That Day We Always Knew Was Coming…

“The afternoon knows what the morning never suspected.” 
Robert Frost

I’m feeling achy and sad inside today. Late on Monday afternoon, we sent Ben’s elderly mum to hospital. She’s in her nineties and has always been stubbornly independent. And she’s been able to stay at home on her own with help which is just the way she wanted it.

But she’s been in increasing pain from a degenerated hip. Her vision is failing. She’s moved into dementia. Bit by bit we’ve watched as she’s stopped driving, stopped shopping, stopped cooking. We’ve all worried over her, and what to do for her, and what might happen when she moved into that place of no longer coping.

Now, over the past few days she’s not been eating, not drinking water, and all she’s done is cry from pain no matter what we’ve done or with what home doctors have prescribed. So off she went in the back of an ambulance – with a small bag packed with nighties, a hairbrush and toothbrush, a dressing gown, her house keys.

We met with hospital staff yesterday and we realised we’d reached that time we’d always known was coming. She won’t be able to go home to her own home. The hospital will do their best to manage her pain, and to find the best options for her. But when she leaves hospital it will be to go into care.

So last night after we left her in her hospital bed, Ben and I went over to her house to take the perishables from the fridge, water the pot plants and put out the bins for her.

We didn’t think we’d cry, but of course we did. It’s hard to believe that she left in her pyjamas with that tiny bag, and now she won’t be coming back to her home and all the memories and everything she loves.

The only thing that matters to all of us is that she is safe, well cared-for and most importantly that she is not in pain. So she’s in the right place, and this is the right time, but oh, I didn’t think it would be so terribly hard, so terribly sad, or that we would be this emotional.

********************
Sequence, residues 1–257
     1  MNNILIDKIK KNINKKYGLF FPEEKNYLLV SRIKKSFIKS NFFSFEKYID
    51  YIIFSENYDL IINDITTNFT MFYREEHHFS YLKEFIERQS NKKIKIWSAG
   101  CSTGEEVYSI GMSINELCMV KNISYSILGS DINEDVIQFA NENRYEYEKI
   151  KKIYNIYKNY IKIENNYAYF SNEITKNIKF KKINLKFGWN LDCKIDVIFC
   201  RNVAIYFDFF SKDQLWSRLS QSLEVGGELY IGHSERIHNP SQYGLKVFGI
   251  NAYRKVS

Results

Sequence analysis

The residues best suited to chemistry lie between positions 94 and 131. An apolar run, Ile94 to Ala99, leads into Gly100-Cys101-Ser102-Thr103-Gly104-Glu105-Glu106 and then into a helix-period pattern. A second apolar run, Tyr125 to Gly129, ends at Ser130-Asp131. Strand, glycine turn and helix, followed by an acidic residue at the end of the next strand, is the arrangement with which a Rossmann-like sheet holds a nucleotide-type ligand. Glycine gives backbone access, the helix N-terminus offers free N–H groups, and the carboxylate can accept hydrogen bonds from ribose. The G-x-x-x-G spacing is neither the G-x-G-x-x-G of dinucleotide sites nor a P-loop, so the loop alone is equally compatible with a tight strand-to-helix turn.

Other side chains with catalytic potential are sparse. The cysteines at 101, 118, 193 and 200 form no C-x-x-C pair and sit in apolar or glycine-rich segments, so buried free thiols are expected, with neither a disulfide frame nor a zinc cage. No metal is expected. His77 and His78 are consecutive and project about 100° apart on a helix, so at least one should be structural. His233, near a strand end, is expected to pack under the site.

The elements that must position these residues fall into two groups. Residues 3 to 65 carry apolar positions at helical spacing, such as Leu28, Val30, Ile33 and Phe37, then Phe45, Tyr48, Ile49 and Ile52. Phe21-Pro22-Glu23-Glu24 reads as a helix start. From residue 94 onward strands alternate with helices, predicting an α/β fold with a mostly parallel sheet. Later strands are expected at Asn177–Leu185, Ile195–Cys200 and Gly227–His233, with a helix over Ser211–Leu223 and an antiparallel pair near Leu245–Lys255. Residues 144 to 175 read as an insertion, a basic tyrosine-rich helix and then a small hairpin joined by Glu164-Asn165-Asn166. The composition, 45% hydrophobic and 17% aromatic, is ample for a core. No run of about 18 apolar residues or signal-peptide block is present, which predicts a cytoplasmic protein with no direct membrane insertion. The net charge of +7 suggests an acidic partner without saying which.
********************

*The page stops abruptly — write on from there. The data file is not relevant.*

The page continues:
Maybe it’s better like this. No big dramas, no long-winded goodbyes. No big scenes about putting her into a place she said she’d rather die than have to end up in. She’s happy to stay in hospital or ‘medical places’ until they can get her pain under control. It was a blessing to say goodbye to her yesterday and see her face a little less drawn, and watch her burrow down under the covers and go to sleep in clean sheets, a hot meal in her tummy and kind nurses checking in on her.

Still, we’re struggling with it. Still, we’re wishing there was another way.

Love cracks you open, doesn’t it? But isn’t it fiercely, beautifully worth it to feel it all so deeply.

Biggest hugs to you, my lovelies, from your slightly broken-hearted friend,

Nicole ❤ xx

 

Last One Standing

“Each young person is a poet of sorts, trying to sort out the poetics of their inner life and its relation to the great world around it. Each elder is a philosopher of sorts, trying to sort out the meanings and gleanings of a life as well as the necessary implications of the presence of death.” 
Michael Meade

Many years ago, when I was in my mid-twenties, I hosted a channelling evening at my house. My sister was there, and an Aboriginal friend of ours, her mum and another Aboriginal woman who was a school teacher, and another friend who was staying with us at the time. Me, Simone, Vynette, Leanna, Liz, Tara. Six women of varying ages, sitting in circle on our lounge room floor.